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'Sweet spot' wines hit the spot

The Occasional Wine Council recently enjoyed a nice variety of wines priced from $9 to $28.
The Occasional Wine Council recently enjoyed a nice variety of wines priced from $9 to $28.
Todd Montgomery

Our Occasional Wine Council, which meets in the Temecula Valley Wine Country, recently reviewed some wines on the more expensive side of the wine purchasing spectrum. Those wines ranged from about $40 to $90. While not in the super extravagant range, those wines probably cost more than the average person would spend for a nice wine to have around the house. So a few days ago, we reviewed what might be termed “Sweet Spot” wines. These wines are generally in the $15 to $25 range, although some hovered closer to $10 or even less a bottle. We were hoping to find some really good wines for the value—wines that would match well with a variety of foods. And we were definitely successful.

We tasted eight different wines from a variety of regions that ranged in price from an astounding $9 to a still reasonable $28. We felt that most of these wines could easily be enjoyed and matched with many different dishes. As always, each participant prepared dishes chosen to match a pre-assigned wine. Here are our assessments, in order of price:

Masi Midello Rosso Delle Venezie, $9: This was an excellent wine for the price. We liked its bright, ruby red color with its deep fruity flavors and hint of spice. While this wine was a good accompaniment for several dishes, it went well with the appetizer prepared to match it—rich cheddar cheese balls filled with olives.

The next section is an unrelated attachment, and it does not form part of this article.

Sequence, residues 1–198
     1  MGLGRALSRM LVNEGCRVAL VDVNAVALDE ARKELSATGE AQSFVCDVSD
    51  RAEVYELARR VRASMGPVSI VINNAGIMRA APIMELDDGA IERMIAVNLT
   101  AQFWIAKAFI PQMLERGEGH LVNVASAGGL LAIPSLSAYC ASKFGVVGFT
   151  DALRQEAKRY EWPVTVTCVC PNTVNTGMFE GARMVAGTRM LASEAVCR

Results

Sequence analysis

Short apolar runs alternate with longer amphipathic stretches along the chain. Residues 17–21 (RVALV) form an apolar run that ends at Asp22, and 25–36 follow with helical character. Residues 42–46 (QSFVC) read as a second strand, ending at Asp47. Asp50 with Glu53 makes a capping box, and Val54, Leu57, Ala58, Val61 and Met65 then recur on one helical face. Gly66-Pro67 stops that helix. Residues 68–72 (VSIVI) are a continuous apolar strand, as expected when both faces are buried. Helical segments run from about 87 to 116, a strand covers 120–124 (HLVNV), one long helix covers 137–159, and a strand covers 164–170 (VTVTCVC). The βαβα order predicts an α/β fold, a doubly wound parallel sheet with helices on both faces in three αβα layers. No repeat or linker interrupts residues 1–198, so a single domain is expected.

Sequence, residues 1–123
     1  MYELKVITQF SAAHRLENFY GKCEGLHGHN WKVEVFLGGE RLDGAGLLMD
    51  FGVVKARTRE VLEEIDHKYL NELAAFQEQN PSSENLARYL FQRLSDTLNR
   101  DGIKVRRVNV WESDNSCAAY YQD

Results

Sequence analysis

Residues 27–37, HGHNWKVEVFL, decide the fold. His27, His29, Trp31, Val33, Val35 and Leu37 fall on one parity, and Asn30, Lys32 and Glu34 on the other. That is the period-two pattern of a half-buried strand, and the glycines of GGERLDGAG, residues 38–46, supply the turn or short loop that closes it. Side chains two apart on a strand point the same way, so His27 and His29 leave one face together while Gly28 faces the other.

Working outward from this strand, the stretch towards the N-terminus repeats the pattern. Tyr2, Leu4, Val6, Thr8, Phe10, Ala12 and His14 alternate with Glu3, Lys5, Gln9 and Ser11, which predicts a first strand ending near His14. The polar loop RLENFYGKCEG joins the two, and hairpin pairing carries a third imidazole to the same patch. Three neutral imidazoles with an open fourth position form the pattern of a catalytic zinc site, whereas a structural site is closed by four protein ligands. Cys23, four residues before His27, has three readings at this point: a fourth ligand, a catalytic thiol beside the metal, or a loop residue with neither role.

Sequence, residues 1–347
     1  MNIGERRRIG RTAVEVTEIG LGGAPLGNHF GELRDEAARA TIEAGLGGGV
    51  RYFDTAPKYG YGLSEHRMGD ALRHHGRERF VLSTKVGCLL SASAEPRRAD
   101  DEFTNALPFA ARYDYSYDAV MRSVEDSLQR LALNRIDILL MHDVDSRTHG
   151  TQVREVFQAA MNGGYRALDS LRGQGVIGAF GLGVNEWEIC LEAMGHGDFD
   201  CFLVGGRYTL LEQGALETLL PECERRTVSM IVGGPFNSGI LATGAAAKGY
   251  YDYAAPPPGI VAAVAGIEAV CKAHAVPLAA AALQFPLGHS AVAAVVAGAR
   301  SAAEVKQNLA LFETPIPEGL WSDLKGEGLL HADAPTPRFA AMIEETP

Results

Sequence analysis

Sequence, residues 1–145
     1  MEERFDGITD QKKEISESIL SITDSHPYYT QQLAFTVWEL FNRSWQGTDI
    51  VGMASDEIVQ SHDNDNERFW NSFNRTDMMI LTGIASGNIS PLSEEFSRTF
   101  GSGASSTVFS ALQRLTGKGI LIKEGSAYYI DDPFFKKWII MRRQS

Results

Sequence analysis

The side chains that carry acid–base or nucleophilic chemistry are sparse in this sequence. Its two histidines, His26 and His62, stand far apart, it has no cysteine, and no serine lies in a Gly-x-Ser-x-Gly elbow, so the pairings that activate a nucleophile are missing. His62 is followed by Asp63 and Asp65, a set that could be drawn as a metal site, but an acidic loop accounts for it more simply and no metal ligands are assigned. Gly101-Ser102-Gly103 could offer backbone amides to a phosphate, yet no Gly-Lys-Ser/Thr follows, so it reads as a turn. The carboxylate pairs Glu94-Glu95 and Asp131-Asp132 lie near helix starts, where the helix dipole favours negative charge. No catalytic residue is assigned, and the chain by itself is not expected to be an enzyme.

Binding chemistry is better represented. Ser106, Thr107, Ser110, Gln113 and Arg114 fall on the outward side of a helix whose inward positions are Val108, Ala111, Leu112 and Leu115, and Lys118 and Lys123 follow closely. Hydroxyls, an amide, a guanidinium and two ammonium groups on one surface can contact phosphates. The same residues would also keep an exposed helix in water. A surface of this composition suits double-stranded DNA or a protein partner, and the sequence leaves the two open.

Marques de Riscal Rioja Proximo, $10. This is another really good buy. We first appreciated the dark cherry color and fruity aroma and then enjoyed tastes of chocolate, pepper and oak, along with a tinge of smoke. A platter of various cheeses and peppery sausages with olives and an olive spread worked well with this wine.

Hess Select Treo Winemakers Blend, $19. This blend of Merlot, Syrah and Petite Sirah had strong aromas of cherries, berries and even vanilla with tastes of black cherry and cranberry and a nice smooth finish. We tasted this wine with flavorful flank steak that had been marinated with olive oil, balsamic vinegar and brown sugar.

These three wines are all available online from Wine Chateau.

Francis Coppola Director’s 2011 Cabernet Sauvignon, $21. This wine was much better after we let it breathe a bit. With its tangy aromas and heavy fruit flavors of blackberries, currants and cherries with hints of vanilla, it went well with a spicy Southern Coast Chili.

Francis Coppola Director’s Cut 2012 Sauvignon Blanc, $21. This wine had nice flavors of tropical fruit and peaches. It enhanced its paired dish of smoked salmon, goat cheese and crackers.

Three Laguna Canyon wines we tasted, priced in the mid-twenties, were still reasonable buys for the quality. We felt the 2012 Sonoma Coast Gewurztraminer at $22 and full of ripe citrus flavors would go well with Asian foods, such as the wontons and lettuce wraps we tried. The newly released 2012 North Coast Pinot Gris at $24 had lots of mineral on the palate but was still crisp with apple, lemon and pear flavors that paired well with kale and butternut squash quiche and chicken Caesar salad. The 2012 Napa Chardonnay at $28 had lots of different fruit and smoke flavors and a touch of spice, all intensified by oak aging, but it seemed to be more a sipping wine rather than a good pairing wine.

We left this evening’s very pleasant tasting assured that we could enjoy some really nice wines at reasonable prices that would generally go well with a wide variety of foods. Wine does not have to cost a fortune to be very good and nicely accompany a range of dishes.

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